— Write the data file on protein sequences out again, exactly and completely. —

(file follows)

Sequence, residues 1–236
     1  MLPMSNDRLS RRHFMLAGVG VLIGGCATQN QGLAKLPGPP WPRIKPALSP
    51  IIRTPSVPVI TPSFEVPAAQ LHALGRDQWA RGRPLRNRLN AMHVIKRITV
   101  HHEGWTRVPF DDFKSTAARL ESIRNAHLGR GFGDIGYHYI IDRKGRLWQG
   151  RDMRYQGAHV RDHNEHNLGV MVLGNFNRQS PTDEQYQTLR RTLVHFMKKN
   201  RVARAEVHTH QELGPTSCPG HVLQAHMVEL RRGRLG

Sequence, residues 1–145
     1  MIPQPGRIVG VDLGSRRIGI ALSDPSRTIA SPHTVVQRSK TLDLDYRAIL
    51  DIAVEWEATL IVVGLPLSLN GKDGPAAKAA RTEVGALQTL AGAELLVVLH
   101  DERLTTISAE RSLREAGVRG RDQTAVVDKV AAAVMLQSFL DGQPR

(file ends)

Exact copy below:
Sequence, residues 1–236
     1  MLPMSNDRLS RRHFMLAGVG VLIGGCATQN QGLAKLPGPP WPRIKPALSP
    51  IIRTPSVPVI TPSFEVPAAQ LHALGRDQWA RGRPLRNRLN AMHVIKRITV
   101  HHEGWTRVPF DDFKSTAARL ESIRNAHLGR GFGDIGYHYI IDRKGRLWQG
   151  RDMRYQGAHV RDHNEHNLGV MVLGNFNRQS PTDEQYQTLR RTLVHFMKKN
   201  RVARAEVHTH QELGPTSCPG HVLQAHMVEL RRGRLG

Sequence, residues 1–145
     1  MIPQPGRIVG VDLGSRRIGI ALSDPSRTIA SPHTVVQRSK TLDLDYRAIL
    51  DIAVEWEATL IVVGLPLSLN GKDGPAAKAA RTEVGALQTL AGAELLVVLH
   101  DERLTTISAE RSLREAGVRG RDQTAVVDKV AAAVMLQSFL DGQPR